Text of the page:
say it's not their fault when you don't get traction. Rather, you need an experienced powerhouse behind you, like a label, that believes you're commercial, and has relationships with news outlets from newspapers to cable TV to Yahoo. It's a relationships business, and unless you've got 'em, you ain't goin' nowhere.

5. If you're old, no one wants you in music, as either talent or an executive, because unfortunately your demo neither buys nor streams new music…no money, no action. As for execs… You have families, you have obligations, they can get someone younger to work harder for less money. Don't like it? Sue. And lose. Or start an independent company that ultimately fails. It's a young people's business, even though baby boomers don't like this.

6. Pandora doesn't break acts.

7. Festivals don't break acts.

8. One mention in the press might make your heart pitter-patter, but almost no one sees it and no one remembers it.

9. People can smell hype.

10. You only get one chance to make a first impression. And if it's not spectacular, you're doomed. Bad news spreads fast and lives forever online.

11. It's easier to market and sell music than find it. In other words, armchair quarterbacks are a dime a dozen, the music business is not waiting for your expertise, but it is always open to you delivering PHENOMENAL new acts.

12. You don't have to know how to play, you don't have to have a great voice, you don't have to write, but if you can do all three, it puts you miles ahead of everybody else.

13. If you want it, that does not mean it will happen. Forget all the new age/self-help b.s. Staying in the game and wishing it to happen yields almost nothing. Making it is hard work, dependent upon talent, forging relationships and a little bit of luck.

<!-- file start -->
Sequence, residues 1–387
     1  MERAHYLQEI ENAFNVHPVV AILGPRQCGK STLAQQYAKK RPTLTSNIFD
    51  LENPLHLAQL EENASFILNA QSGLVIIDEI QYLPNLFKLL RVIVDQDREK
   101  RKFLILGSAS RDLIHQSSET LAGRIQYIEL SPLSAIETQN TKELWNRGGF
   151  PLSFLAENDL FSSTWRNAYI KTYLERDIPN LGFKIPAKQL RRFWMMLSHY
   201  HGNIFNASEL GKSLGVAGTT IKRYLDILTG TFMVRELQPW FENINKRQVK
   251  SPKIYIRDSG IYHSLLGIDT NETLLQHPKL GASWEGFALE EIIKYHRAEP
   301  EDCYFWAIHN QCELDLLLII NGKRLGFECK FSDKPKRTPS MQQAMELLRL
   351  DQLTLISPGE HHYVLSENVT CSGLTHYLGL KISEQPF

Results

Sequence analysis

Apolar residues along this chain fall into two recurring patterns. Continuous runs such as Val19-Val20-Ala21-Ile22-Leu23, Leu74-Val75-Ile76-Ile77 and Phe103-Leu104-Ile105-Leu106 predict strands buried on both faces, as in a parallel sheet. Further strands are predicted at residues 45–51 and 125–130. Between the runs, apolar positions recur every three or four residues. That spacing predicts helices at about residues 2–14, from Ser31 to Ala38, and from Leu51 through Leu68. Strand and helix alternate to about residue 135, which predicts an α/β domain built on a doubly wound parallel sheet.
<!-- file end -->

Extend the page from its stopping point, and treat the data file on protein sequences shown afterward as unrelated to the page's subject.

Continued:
14. Coldplay, Radiohead and Dave Matthews are huge because they snuck in under the wire via the old system, they were the beneficiaries of big TV video play, when that meant something, before the Web obliterated it. Otherwise, they'd be Arcade Fire, which garners great reviews, wins Grammys and most people still have not heard and don't even care about.

15. There's tons of money in music, more than ever before, if you're a superstar, if not, you're starving.

16. The best and the brightest don't go into music. There's not enough money in it.

17. No one cares what you did. They just care what you're doing.

18. The generations keep changing, people keep getting older, if you had a hit five years ago, and not one since, you're a has-been who's on the way to being forgotten, hope you have some fans who can keep you alive on the road.

19. There's plenty of money in recorded music. Streaming revenue is just gonna rise. But the twenty first century has taught everybody about the other money out there, instead of just the easy money, this is good.

20. Credibility counts.

21. People know when you sell out, and young people care about it.

22. It's a hits business. It's ALWAYS been a hits business. You're not gonna go far unless you've got that one big track, sorry.

And a hit is something instant and ubiquitous that cries out for repeat play. It doesn't have to be featured on the radio, but it frequently is.